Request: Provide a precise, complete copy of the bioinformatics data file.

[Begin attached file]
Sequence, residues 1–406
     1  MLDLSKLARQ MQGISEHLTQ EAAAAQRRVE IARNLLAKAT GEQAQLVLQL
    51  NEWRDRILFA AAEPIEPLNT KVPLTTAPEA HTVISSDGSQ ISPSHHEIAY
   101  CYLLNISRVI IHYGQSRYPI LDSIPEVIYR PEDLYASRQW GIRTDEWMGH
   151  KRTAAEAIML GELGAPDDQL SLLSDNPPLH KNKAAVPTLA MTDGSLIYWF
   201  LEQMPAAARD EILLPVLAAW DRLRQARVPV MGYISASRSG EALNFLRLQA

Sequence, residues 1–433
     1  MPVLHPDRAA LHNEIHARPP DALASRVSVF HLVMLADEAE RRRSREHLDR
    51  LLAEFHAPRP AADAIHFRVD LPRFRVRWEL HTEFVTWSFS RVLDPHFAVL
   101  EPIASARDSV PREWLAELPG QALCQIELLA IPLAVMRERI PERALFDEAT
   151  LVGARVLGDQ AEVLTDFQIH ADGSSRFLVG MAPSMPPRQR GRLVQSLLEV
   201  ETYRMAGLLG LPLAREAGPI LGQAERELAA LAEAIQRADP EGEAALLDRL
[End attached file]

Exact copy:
Sequence, residues 1–406
     1  MLDLSKLARQ MQGISEHLTQ EAAAAQRRVE IARNLLAKAT GEQAQLVLQL
    51  NEWRDRILFA AAEPIEPLNT KVPLTTAPEA HTVISSDGSQ ISPSHHEIAY
   101  CYLLNISRVI IHYGQSRYPI LDSIPEVIYR PEDLYASRQW GIRTDEWMGH
   151  KRTAAEAIML GELGAPDDQL SLLSDNPPLH KNKAAVPTLA MTDGSLIYWF
   201  LEQMPAAARD EILLPVLAAW DRLRQARVPV MGYISASRSG EALNFLRLQA

Sequence, residues 1–433
     1  MPVLHPDRAA LHNEIHARPP DALASRVSVF HLVMLADEAE RRRSREHLDR
    51  LLAEFHAPRP AADAIHFRVD LPRFRVRWEL HTEFVTWSFS RVLDPHFAVL
   101  EPIASARDSV PREWLAELPG QALCQIELLA IPLAVMRERI PERALFDEAT
   151  LVGARVLGDQ AEVLTDFQIH ADGSSRFLVG MAPSMPPRQR GRLVQSLLEV
   201  ETYRMAGLLG LPLAREAGPI LGQAERELAA LAEAIQRADP EGEAALLDRL